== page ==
When learning a new language, the learning curve is huge and not always enjoyable. To help keep interest alive, introducing music into the learning curriculum can help make the learning more palatable. Music is a great tool to help learners, such as yourself, associate your new English skills with something you are already familiar with in your own culture. Here are a few things to keep in mind when selecting music:
Determine what you want to learn from the song – is the focus on vocabulary, or a specific topic, or pronunciation?
What genre of music do you like? – trying to listen to a song that is not “your style”, might not have the intended outcome. For example, I have a hard time focusing on the words when I listen to heavy metal or rap. My ears get distracted by the background beats, instruments, and rapid or slurred pronunciation of the words. As a result, this would not help me improve my language skills. However, if you relate strongly to that type of music, then you may be able to hear and learn from that style of music.
What type of music players do you have easy access to? Do you have access to a music application such as Spotify or YouTube or ITunes? Do you listen to CD’s or MP3s?
Using a song for learning vs listening to a song for pleasure require different focuses. When listening to a song for pleasure, you may enjoy just listening to the music, but not really focusing on the words. When you listen to a song to learn, you WILL be focusing on the words. How are they pronounced? What is the song about? What is the writer trying to convey in the song – happiness, sadness, a life lesson?
Where would you start if you wanted to incorporate listening to music in your second language? The answer is more complicated than just picking a song randomly and listening to it. Here are some things to consider:
How well do you know your second language? If you are at a beginner A1 or A2 level, it would be best to start with songs that are not too long, not too fast, use everyday English (not too many difficult words) and the words are easy to hear. For example, a children’s nursery rhyme song like “The Wheels on the Bus” would be a good way to start because it uses basic vocabulary, has repetition, and has a catchy tune. Obviously, as you develop your vocabulary and listening skills, choosing more age appropriate songs will be desirable. Starting out with children’s songs, is not an indication you are not capable of more advanced songs, but they can make it more fun if you can just enjoy the music and lyrics rather than having to stop and look up words constantly. Pop music is also a form of music that works well because it tends to have high-frequency words that are used repetitively in the first or second person. Beatles music is also a good choice because they have a variety of songs and their vocals are easy to hear. Remember this is supposed to be a fun way to learn.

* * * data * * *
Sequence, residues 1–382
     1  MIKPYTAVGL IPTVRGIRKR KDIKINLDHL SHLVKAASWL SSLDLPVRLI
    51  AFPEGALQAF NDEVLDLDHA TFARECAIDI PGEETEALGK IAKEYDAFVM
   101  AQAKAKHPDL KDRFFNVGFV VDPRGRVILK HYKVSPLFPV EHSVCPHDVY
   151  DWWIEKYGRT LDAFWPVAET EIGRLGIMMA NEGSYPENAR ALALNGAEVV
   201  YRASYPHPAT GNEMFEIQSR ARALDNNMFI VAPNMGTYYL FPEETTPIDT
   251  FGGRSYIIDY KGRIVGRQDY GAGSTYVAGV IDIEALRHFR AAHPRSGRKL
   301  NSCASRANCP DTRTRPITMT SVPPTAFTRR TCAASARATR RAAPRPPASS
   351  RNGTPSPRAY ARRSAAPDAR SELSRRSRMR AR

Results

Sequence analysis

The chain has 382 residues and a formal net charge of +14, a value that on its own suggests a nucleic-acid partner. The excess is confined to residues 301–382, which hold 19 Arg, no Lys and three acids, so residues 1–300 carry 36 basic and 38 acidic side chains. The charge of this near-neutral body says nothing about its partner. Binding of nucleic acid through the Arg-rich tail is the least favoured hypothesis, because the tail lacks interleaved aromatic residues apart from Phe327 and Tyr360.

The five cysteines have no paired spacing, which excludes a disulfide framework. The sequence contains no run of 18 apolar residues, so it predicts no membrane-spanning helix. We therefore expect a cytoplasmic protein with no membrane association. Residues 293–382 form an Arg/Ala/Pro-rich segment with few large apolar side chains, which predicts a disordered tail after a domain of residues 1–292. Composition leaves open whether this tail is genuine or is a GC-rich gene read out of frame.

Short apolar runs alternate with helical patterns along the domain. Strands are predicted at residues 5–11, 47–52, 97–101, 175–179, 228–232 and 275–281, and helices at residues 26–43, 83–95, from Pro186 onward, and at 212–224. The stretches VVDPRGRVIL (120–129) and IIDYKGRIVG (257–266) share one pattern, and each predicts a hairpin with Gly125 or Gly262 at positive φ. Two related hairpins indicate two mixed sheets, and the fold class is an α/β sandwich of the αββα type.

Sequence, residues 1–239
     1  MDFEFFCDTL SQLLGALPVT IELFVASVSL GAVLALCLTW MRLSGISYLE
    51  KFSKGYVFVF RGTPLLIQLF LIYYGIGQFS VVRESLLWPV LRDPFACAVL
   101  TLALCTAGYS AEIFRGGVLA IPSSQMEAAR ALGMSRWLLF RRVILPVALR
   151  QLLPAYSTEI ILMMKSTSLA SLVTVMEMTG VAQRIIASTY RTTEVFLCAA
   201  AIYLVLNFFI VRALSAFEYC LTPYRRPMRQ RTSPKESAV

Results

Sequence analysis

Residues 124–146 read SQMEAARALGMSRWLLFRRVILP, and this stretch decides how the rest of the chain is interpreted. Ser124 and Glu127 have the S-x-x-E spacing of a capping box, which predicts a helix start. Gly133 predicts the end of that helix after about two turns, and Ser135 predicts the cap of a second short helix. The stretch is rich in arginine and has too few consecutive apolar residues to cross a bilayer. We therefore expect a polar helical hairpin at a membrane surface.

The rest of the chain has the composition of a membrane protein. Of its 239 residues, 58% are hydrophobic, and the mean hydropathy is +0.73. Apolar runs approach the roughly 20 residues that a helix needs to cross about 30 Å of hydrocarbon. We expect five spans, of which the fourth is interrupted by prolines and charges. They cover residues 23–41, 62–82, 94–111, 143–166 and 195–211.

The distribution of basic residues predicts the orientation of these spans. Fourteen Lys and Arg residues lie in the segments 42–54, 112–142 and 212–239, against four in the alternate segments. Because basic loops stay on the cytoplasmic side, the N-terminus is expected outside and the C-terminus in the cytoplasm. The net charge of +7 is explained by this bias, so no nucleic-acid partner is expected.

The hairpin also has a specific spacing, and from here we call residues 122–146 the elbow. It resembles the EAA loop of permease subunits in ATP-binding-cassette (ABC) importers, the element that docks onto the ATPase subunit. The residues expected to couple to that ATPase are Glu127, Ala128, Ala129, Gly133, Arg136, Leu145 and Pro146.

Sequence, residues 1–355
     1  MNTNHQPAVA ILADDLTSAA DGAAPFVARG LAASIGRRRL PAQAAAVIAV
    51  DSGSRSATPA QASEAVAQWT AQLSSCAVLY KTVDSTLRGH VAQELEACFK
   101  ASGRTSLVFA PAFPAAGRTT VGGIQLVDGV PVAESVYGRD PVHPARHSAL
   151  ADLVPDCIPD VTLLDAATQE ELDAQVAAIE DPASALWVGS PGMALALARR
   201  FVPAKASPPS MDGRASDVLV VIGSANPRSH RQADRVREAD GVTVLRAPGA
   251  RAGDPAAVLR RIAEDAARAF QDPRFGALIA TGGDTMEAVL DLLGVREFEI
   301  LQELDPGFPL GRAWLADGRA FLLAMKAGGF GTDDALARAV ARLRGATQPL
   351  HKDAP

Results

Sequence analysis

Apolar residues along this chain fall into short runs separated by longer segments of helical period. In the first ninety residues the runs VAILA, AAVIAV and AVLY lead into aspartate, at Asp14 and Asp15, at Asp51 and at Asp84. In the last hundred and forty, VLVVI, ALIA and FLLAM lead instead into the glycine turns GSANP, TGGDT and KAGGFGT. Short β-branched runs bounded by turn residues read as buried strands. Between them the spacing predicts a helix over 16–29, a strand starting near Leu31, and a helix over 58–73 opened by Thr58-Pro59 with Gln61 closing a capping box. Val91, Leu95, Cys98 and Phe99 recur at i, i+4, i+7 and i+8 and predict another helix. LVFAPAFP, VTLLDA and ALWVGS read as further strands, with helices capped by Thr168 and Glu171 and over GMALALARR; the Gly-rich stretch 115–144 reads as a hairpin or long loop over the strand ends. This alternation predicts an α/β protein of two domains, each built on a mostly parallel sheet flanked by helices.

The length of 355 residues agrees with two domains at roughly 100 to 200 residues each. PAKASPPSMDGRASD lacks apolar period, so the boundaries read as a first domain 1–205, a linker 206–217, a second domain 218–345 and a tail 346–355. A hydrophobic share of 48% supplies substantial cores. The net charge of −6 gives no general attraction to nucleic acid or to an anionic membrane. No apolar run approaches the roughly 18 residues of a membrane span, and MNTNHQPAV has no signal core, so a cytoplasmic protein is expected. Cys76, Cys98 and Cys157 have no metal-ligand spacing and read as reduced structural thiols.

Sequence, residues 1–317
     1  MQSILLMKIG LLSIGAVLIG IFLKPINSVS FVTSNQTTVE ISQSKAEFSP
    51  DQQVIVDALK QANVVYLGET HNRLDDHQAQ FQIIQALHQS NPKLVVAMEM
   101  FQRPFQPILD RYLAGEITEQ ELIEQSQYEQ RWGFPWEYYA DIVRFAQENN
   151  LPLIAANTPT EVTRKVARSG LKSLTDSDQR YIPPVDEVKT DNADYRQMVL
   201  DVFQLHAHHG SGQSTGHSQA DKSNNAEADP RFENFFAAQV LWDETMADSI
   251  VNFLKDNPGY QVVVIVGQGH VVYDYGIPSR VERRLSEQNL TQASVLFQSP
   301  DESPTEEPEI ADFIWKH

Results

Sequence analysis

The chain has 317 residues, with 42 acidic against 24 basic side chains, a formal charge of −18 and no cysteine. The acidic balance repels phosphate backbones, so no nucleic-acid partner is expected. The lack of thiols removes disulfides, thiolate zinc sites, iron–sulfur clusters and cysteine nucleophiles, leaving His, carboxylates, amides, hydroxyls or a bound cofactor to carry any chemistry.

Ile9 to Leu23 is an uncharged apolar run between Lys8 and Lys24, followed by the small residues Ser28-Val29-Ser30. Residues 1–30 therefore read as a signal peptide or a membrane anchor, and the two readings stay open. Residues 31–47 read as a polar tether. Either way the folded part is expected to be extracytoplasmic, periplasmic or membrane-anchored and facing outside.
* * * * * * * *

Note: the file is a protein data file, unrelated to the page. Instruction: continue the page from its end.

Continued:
Once you pick a song, how do you learn from it?
Listen to the song. Just enjoy the song.
Get a copy of the lyrics to the song and print it out, it will help you in many ways. There are many sites on the internet that provide lyrics. A couple of my go to sites are lyrics.com or azlyrics.com, but feel free to use whatever site you prefer. Listen to the song again and follow along reading the lyrics. If you find a word or phrase you do not understand while listening, circle or underline it. After you finish listening to the song, go back and see if you can infer the meaning of the word or phrase by how it is used in the context of the lyrics. If you still do not understand, look up the word in a dictionary or translate the phrase to your native language.
Listen to the song again, now that you understand the words and meaning of the lyrics you are ready to learn. Listen and follow along with the lyrics as the song is played. Here are a few suggestions to help you get started:
§ What is the main idea and message of the song? Write a summary paragraph to share with your teacher.
How does the song make you feel?
Practicepronouncing words like you hear them (focus on which syllable(s) are pronounced most strongly)
Cut up the lyrics into strips and put them in a bag. Pull out the lyrics and try to piece them back together in the correct order.
As you continue in your language training, it is my hope that you will continue to look for ways to enjoy learning while challenging yourself to expand your vocabulary, listening, speaking, writing and reading skills.